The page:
Inside Honda's historic car plant in the US
Updated 7:58 PM ET, Thu June 27, 2019
In 1979, Japanese automotive manufacturer Honda made history.
They hired 55 Americans and 11 Japanese workers for their first-ever motorcycle plant on US soil, expanding to build a car plant in 1982.
Honda chose rural Marysville, Ohio, just a three-hour drive but a world away from the gritty, industrial US motor heartland of Detroit.
Marysville had little in the way of large manufacturing. It was fertile ground for the plans of the then Ohio governor to bring foreign car makers that could bring jobs and progress.
Since then, Japanese automakers have become deeply embedded in the US economy.
In the past four decades, Japanese car companies have invested roughly $51 billion across 28 US states. Last year, they employed some 1.6 million Americans through an ecosystem of satellite industries, according to the Japan Automobile Manufacturers Association (JAMA). Of all the vehicles made using American auto parts, Honda accounts for six of the top ten "most American" cars, according to auto sales website Cars.com.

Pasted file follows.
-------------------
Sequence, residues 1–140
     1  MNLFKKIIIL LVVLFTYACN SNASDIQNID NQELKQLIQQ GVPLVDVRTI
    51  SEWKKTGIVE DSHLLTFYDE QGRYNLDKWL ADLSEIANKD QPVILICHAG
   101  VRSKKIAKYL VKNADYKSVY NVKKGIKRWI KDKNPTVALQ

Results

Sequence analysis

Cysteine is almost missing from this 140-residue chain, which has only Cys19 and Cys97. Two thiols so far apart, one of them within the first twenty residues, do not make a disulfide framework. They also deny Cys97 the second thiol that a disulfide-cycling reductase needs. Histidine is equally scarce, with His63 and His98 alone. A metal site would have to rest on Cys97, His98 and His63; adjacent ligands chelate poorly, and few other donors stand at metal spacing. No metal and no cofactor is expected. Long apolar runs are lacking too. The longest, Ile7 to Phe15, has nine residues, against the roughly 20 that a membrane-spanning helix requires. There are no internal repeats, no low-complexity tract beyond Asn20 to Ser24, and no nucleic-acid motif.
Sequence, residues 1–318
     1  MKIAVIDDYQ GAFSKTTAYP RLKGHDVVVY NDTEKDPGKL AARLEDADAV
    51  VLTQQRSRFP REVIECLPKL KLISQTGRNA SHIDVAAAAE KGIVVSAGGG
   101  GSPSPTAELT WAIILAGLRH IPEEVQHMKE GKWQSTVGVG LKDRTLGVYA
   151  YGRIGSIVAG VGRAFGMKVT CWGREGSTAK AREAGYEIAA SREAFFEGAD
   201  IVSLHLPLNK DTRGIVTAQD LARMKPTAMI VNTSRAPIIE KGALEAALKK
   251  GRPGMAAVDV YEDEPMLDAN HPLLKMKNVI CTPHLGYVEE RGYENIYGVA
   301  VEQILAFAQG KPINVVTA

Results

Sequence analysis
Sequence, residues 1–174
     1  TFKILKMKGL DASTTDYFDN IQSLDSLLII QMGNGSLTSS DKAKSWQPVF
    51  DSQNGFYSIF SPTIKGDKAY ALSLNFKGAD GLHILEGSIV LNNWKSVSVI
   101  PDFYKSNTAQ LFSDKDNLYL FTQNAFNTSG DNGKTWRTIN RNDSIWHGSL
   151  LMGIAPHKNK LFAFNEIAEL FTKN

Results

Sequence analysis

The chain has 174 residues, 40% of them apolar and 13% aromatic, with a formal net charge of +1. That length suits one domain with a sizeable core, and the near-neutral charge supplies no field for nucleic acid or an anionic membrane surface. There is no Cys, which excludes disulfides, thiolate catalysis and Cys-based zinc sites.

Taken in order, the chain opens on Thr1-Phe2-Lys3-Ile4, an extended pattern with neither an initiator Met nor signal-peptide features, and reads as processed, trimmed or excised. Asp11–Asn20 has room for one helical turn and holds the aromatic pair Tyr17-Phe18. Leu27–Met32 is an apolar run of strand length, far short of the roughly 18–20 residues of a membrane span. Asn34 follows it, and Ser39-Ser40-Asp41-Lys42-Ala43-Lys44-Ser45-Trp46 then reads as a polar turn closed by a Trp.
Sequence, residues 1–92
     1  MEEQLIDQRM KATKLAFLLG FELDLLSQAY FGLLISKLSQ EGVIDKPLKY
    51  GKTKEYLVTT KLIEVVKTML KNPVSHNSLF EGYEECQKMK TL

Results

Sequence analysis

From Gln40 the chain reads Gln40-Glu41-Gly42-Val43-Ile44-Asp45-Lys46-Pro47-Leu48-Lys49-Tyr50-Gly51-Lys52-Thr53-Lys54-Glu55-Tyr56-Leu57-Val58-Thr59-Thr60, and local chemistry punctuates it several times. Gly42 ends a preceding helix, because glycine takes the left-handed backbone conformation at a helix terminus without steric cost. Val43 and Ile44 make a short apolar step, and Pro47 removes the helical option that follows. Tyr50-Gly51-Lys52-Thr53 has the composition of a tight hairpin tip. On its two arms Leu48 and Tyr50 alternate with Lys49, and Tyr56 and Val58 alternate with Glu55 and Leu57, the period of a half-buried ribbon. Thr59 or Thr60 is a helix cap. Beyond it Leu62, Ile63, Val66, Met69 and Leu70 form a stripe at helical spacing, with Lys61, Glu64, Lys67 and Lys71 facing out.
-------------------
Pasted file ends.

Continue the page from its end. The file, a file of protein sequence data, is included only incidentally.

Marysville, once a quaint town with one high school, one Dairy Queen and a drive-through restaurant, has grown to have a population of more than 24,000 people in 2019 compared to about 7,000 in 1980.
Honda now counts more than 15,000 associates and over 134 suppliers across Ohio.